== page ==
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I'm trying to implement a MINLP problem which is described in a previous post here: How do we formulate a problem where the decision variable has an index that is also a decision variable? The only change is that the objective function is different and is to be minimized instead of to be maximized (the function has changed but is given below for completeness).

The problem is about minimizing a (nonlinear) objective function w.r.t. $x_i$:

$$\min \sum_{i=1}^N f(x_i, s_i, p_i),$$

where $s_i$ and $p_i$ are constants for each $i=1, 2, \dots, N$ and $x_i$ is a decision variable, where $0 \le x_i < 1$. The function $f$ is

$$f(x_i, s_i, p_i) = p_is_i\frac{x_i^{0.135}-(1-x_i)^{0.135}}{0.1975}.$$

We also have a binary variable $y_{ij}$ and a continuous variable $a_j$ where $0 \le a_j < 1$ and $j = 1, 2, 3$.

The constraints are the following:

\begin{align} \beta= \frac{\sum_{i=1}^N x_id_i}{\sum_{i=1}^N d_i},\tag1\label1 \\ \end{align} where $d_i$ is again a constant for each $i=1, 2, \dots, N$ and $\beta$ is a constant where $0 \le \beta < 1$.

\begin{align} \sum_j y_{ij} &= 1 &&\text{for all $i$}, \tag2\label2 \\ -(1 - y_{ij}) \le x_i - a_j &\le 1 - y_{ij} &&\text{for all $i$ and $j$}. \tag3\label3 \end{align}

I'm implementing it in Pyomo as interface and I use mindtpy as a solver. Here is the code I have implemented (note that I split up constraint $3$).

f = lambda x, s, p: ((x**0.135-(1-x)**0.135)/0.1975)*p*s
Beta = 0.96
model = ConcreteModel(name="ORExchangeExample")

model.x = Var(N, bounds=(0.00, 0.9999), initialize = 0.50)
model.a = Var(J, bounds=(0.00, 0.9999), initialize = 0.50)
model.y = Var(N, J, domain=Binary, initialize=0)

def obj_rule(model):
    return sum(f(model.x[n], s[n], p[n]) for n in N)
model.obj = Objective(rule=obj_rule, sense=minimize)

def constraint_1(model):
    return sum(d[n]*model.x[n] for n in N) == Beta*(sum(d[n] for n in N))
model.constraint_1= Constraint(rule=constraint_1)

def constraint_2(model, i):
    return sum(model.y[i, j] for j in J) == 1
model.constraint_2= Constraint(N, rule=constraint_2)

def constraint_3(model, i, j):
    return -(1-model.y[i, j]) <= model.x[i]-model.a[j]
model.constraint_3= Constraint(N, J, rule=constraint_3)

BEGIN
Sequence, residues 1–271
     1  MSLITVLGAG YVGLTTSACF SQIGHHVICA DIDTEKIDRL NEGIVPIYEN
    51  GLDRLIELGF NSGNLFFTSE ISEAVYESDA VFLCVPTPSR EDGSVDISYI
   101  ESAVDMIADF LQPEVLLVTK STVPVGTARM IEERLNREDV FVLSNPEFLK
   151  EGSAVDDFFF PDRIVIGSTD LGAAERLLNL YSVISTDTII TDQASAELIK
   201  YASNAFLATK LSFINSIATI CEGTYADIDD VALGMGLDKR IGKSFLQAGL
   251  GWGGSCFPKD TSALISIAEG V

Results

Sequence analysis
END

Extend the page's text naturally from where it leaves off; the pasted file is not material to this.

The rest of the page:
def constraint_4(model, i, j):
    return model.x[i]-model.a[j] <= 1-model.y[i, j]
model.constraint_4= Constraint(N, J, rule=constraint_4)

solver.solve(model, tee=True, 
                  mip_solver='glpk',
                  nlp_solver='ipopt',)
solver.solve(model)

The variable $N$ is a list containing $1, 2 , \dots, N$ and $J$ is also a list $ = [1, 2, 3]$. The constant variables $p, s$ and $d$ are dictionaries with the elements of $N$ as keys and the actual values as values, for example:

p = {1: 19.06, 2: 4.0607, 3: 9.75, 4: 0.2716, ...}

When I run this, it runs without errors but gives me back as a solution the initialized values for $x$ and $a$. So it doesn't solve it, because constraint (1) isn't met and the objective function is definitely not minimized. The result (in this code set up) will give [0.5, 0.5, ...] for all values of $x_i$.

Am I missing something?

EDIT: I used the Ipopt as the nonlinear solver but still the same result. However, if I do it for a small sample ($N = 10$), then it all works fine...

This is what the solver has to say, but I don't really know how to interpret this. In my data, $N = 4831$. Output Solver

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  • $\begingroup$ Is there any other constraint involving the vector $a$? $\endgroup$ Feb 17, 2023 at 14:37
  • $\begingroup$ If you can show the log, that might provide some clues. $\endgroup$
    – RobPratt
    Feb 17, 2023 at 14:45
  • $\begingroup$ Can you add a small working example with all the values for s, p, N, ... ? $\endgroup$ Feb 17, 2023 at 14:53
  • $\begingroup$ There is no constraint involving the vector $a$. I will edit the question with the log and add a small working example for s, p, N, ... $\endgroup$ Feb 17, 2023 at 15:02
  • $\begingroup$ ok, because without any other constraint involving a or if $a$ isn't part of the objective, it acts as bounds for x. So x is constrained to be equal to a=0.5 $\endgroup$ Feb 17, 2023 at 15:09

1 Answer 1

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Try ipopt as the nonlinear solver. With ipopt I got the following solution from your code (with the following assumptions):

12 Set Declarations
a_index : Size=1, Index=None, Ordered=Insertion
    Key  : Dimen : Domain : Size : Members
    None :     1 :    Any :    3 : {1, 2, 3}
constraint_2_index : Size=1, Index=None, Ordered=Insertion
    Key  : Dimen : Domain : Size : Members
    None :     1 :    Any :    2 : {1, 2}
constraint_3_index : Size=1, Index=None, Ordered=True
    Key  : Dimen : Domain                                    : Size : 
Members
    None :     2 : constraint_3_index_0*constraint_3_index_1 :    6 : {(1, 
1), (1, 2), (1, 3), (2, 1), (2, 2), (2, 3)}
constraint_3_index_0 : Size=1, Index=None, Ordered=Insertion
    Key  : Dimen : Domain : Size : Members
    None :     1 :    Any :    2 : {1, 2}
constraint_3_index_1 : Size=1, Index=None, Ordered=Insertion
    Key  : Dimen : Domain : Size : Members
    None :     1 :    Any :    3 : {1, 2, 3}
constraint_4_index : Size=1, Index=None, Ordered=True
    Key  : Dimen : Domain                                    : Size : 
Members